Lovegrove Mathematicals


"Dedicated to making Likelinesses the entity of prime interest"

Combination Theorem

Combination Theorem


Often, there is no need to be concerned about the value on the RHS, it being enough to note that if g1,g2 have the same degree and sample size then LS(N)(g1)=LS(N)(g2).

This is not to say that the RHS is not important. It is actually very important since it follows that
Order of Sample Space

There is a geometrical way to obtain the same result.

Informally, the Combination Theorem applies when we "know nothing" about the generating distribution.

Using S(N) as the underlying set means that we have no theoretical reason for eliminating any distribution as a possibility. Having the zero histogram as the given histogram means that we have no information from observations.

This "know nothing" property makes the Combination Theorem very useful when we are trying to develop general principles.

The Combination Theorem is here named after the Combination Postulate, which was proposed by William Ernest Johnson but not proved by him. After trying for some time, Johnson eventually gave up relying on, or trying to prove, this Postulate.

Johnson was a late 19th-early 20th century logician, based in Cambridge, working on probability theory and economics. His work is important in the history of the development of probability theory since it was linked to, and a close forerunner of, de Finetti's work on exchangeability.

At the time of his death in 1931, Johnson was working on a 4-volume work called Logic, the first three volumes of which were published posthumously; the fourth volume was not completed. In Volume 3 he wrote:-

... the calculus of probability does not enable us to infer any probability-value unless we have some probabilities or probability relations given.

The following two postulates in the Theory of Eduction This is not a mistake. The word really is "Eduction"; it is not meant to be "Education". It means (") "To infer or work out from given facts". are concerned with the possible occurrences of the determinates p1 ... pn under the determinable P.

(1) Combination Postulate

In a total of M instances, any proportion, say m1:m2: ... :mα where m1+m2+...+mα = M, is as likely as any other, prior to any knowledge of the occurrences in question.

(2) Permutation Postulate

Each of the different orders in which a given proportion m1:m2: ... :mα for M instances may be presented is as likely as any other, whatever may have been the previously known orders.

In what follows certitude will be represented by unity. By (1), the probability of any one proportion in M instances  equal likelinesses

I have here partitioned off the formal mathematical statements of his two postulates by horizontal lines. The paragraphs before and after them are informal commentary. I have also written the words `probability' and `probabilities', wherever they occur, in red. I have done this to emphasize that Johnson did not use the words 'probability' and 'probabilities' in the formal mathematics, only in the informal commentary.

Combination Postulate

Imagine rolling a die. In any one roll, there are six possibilities, or `determinates', namely "1", "2", ... , "6"; so α =6. If we were to roll the die 10 times then there would be 10 `instances' of those determinates; that is M=10. Say the number of rolls of each face were (1, 3, 0, 2, 2, 2) respectively: these are the values of the mi. Of course, 1+3+0+2+2+2=10: that is, we have an ordered 6-tuple of non-negative integers summing to 10: this is an ordered 6-partition of 10.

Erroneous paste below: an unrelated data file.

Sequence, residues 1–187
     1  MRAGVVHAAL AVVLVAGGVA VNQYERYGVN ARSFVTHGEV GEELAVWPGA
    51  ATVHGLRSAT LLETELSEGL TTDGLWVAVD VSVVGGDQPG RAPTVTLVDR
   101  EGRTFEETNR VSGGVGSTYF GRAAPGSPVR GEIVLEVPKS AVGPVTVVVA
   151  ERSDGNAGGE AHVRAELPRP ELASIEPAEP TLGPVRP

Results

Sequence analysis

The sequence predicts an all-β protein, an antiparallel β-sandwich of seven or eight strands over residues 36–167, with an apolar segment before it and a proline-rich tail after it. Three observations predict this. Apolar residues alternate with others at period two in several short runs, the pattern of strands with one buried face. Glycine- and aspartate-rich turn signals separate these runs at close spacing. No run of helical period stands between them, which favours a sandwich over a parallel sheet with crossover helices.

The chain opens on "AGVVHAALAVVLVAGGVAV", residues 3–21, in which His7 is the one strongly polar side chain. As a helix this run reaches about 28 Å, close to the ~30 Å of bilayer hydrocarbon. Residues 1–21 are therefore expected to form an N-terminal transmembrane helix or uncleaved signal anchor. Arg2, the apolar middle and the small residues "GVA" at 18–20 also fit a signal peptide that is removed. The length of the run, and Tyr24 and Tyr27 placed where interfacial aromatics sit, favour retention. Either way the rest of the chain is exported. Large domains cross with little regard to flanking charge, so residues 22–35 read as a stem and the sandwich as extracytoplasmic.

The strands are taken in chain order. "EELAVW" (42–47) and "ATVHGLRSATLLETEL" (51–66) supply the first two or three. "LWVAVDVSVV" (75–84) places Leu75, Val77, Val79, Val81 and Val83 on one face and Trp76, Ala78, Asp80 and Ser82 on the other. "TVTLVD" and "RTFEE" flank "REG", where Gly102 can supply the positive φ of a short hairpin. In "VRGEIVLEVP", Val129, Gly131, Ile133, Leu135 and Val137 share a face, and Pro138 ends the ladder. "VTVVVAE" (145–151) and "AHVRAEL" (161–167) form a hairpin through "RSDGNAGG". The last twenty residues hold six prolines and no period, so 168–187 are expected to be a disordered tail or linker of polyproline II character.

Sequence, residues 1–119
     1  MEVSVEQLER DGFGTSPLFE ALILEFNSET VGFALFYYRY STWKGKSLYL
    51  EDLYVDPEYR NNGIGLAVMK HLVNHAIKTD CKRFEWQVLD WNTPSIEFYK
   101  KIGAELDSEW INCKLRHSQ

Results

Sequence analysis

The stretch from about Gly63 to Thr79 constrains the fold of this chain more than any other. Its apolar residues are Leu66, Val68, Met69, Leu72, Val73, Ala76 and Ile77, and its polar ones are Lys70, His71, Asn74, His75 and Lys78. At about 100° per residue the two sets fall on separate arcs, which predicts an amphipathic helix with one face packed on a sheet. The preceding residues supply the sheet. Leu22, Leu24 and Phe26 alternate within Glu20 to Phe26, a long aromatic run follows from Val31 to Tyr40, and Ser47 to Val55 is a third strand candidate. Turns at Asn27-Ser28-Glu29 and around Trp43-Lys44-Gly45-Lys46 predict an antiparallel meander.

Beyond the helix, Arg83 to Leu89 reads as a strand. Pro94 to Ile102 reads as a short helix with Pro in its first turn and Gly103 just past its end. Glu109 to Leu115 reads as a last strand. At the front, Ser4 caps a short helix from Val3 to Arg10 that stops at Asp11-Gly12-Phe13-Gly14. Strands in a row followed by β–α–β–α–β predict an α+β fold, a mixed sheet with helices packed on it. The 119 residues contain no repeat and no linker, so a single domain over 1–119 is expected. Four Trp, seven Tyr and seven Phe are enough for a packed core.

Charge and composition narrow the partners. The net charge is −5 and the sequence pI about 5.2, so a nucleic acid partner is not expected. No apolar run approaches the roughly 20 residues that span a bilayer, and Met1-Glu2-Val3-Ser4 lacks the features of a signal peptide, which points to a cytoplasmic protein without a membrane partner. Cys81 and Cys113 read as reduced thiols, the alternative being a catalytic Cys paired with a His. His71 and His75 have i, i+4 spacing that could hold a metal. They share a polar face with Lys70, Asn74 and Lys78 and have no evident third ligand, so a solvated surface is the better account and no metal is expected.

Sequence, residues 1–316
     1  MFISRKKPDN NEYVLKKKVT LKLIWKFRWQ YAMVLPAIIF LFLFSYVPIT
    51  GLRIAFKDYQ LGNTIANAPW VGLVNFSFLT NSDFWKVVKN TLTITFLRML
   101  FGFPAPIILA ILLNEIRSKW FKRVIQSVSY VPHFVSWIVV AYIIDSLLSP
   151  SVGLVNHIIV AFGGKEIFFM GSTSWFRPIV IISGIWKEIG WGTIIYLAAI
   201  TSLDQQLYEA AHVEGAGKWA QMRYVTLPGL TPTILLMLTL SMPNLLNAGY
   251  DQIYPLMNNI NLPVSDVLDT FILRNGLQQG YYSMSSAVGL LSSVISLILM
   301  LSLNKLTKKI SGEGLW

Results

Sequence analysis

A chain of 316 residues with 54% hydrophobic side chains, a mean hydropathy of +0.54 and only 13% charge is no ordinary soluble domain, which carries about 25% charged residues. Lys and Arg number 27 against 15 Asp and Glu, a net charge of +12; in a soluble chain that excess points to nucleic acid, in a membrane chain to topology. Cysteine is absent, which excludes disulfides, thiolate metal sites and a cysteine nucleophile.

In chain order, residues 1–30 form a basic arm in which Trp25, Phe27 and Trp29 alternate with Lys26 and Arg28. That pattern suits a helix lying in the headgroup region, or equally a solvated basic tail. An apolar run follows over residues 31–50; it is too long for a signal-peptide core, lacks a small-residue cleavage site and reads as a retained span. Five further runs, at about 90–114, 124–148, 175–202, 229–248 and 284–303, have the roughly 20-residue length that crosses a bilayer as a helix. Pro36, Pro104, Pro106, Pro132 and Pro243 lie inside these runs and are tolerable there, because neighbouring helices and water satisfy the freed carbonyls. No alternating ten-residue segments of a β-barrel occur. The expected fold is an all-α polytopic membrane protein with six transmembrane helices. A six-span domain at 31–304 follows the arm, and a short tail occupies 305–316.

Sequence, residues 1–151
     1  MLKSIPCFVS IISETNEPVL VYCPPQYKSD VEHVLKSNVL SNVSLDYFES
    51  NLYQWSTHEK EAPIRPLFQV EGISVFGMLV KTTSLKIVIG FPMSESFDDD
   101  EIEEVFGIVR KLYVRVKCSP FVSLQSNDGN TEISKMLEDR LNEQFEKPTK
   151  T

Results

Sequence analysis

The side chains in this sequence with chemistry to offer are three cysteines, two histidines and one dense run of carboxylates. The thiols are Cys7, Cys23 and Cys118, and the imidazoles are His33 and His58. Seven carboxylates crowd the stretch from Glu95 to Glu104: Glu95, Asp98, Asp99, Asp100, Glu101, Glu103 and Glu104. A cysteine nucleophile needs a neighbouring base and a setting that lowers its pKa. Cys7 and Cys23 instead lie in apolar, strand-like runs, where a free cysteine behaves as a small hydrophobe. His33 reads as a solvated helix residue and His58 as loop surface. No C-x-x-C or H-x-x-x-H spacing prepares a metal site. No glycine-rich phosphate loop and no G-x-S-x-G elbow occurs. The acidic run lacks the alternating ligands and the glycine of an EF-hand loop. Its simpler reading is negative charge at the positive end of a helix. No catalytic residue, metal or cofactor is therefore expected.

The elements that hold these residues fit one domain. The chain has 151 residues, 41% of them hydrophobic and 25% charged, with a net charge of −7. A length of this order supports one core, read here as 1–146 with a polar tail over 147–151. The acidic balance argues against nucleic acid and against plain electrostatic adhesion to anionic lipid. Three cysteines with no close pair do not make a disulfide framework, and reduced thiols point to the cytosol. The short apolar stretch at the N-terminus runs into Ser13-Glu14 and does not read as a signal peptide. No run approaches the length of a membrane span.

What is confusing to the modern eye is Johnson's use of the word `proportion' to refer to something which we would not usually think of as a proportion. He is using it to refer to an ordered 6-tuple such as  (1, 3, 0, 2, 2, 2), ie. what we are here calling an integram. The Combination Postulate, when it says that any proportion is as likely as any other, is saying that any integram is as likely as any other of the same sample size.

There are two questions remaining about Johnson's wording, concerning the circumstances under which the integrams are equally likely, and the meaning of the word `likely'.
So could it be that Johnson's wording of the Combination Postulate was correct but that his stated interpretation of it in terms of probabilities, rather than expected values of probabilities, was not? This would certainly cause him difficulties, as we know happened.

The Combination Theorem answers this with "YES".
The proof of the Combination Theorem can be found in Fundamentals of Likelinesses.

Permutation Postulate

Any integram can be considered as an integram of observations, and those observations -which would be made as a sequence of observations- could arise in several orders. The integram (2,3), for example, could have arisen as the sequence "1","1","2","2","2", or as the sequence "2","2","1","2","1", or as the sequence, "2","2","2","1","1", etc. These are the orders to which Johnson refers.

What Johnson is saying in the Permutation Postulate, is that we pay no attention to the order in which observations are made, only to the final total. The order in which the observations leading to (2,3) occurred is not important, only the fact that the final histogram is (2,3).

There are exceptions to this (for example, if less weight is attached to older observations), but generally speaking this is true for both likelinesses generally -regardless of the underling set- or for specifically probabilities -with singleton underlying sets.

Since the Permutation Postulate applies regardless of whether or not the underlying set is singleton, Johnson would not have encountered any difficulties by considering only probabilities - as he appears to have done with the Combination Postulate.

This postulate is well-known as the introduction of the concept of exchangability